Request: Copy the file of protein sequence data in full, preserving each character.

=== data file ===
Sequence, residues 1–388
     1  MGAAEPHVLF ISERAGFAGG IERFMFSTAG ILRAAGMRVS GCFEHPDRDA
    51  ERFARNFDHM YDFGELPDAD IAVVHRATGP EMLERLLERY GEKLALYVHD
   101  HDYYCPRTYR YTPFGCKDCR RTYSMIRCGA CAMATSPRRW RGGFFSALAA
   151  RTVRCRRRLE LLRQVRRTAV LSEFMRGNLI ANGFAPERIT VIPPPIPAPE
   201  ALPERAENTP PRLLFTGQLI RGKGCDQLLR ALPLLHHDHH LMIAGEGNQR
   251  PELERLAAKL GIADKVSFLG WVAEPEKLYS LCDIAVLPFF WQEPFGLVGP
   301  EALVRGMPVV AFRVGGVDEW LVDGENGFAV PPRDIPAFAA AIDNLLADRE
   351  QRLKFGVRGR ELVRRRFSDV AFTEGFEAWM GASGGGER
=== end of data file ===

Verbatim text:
Sequence, residues 1–388
     1  MGAAEPHVLF ISERAGFAGG IERFMFSTAG ILRAAGMRVS GCFEHPDRDA
    51  ERFARNFDHM YDFGELPDAD IAVVHRATGP EMLERLLERY GEKLALYVHD
   101  HDYYCPRTYR YTPFGCKDCR RTYSMIRCGA CAMATSPRRW RGGFFSALAA
   151  RTVRCRRRLE LLRQVRRTAV LSEFMRGNLI ANGFAPERIT VIPPPIPAPE
   201  ALPERAENTP PRLLFTGQLI RGKGCDQLLR ALPLLHHDHH LMIAGEGNQR
   251  PELERLAAKL GIADKVSFLG WVAEPEKLYS LCDIAVLPFF WQEPFGLVGP
   301  EALVRGMPVV AFRVGGVDEW LVDGENGFAV PPRDIPAFAA AIDNLLADRE
   351  QRLKFGVRGR ELVRRRFSDV AFTEGFEAWM GASGGGER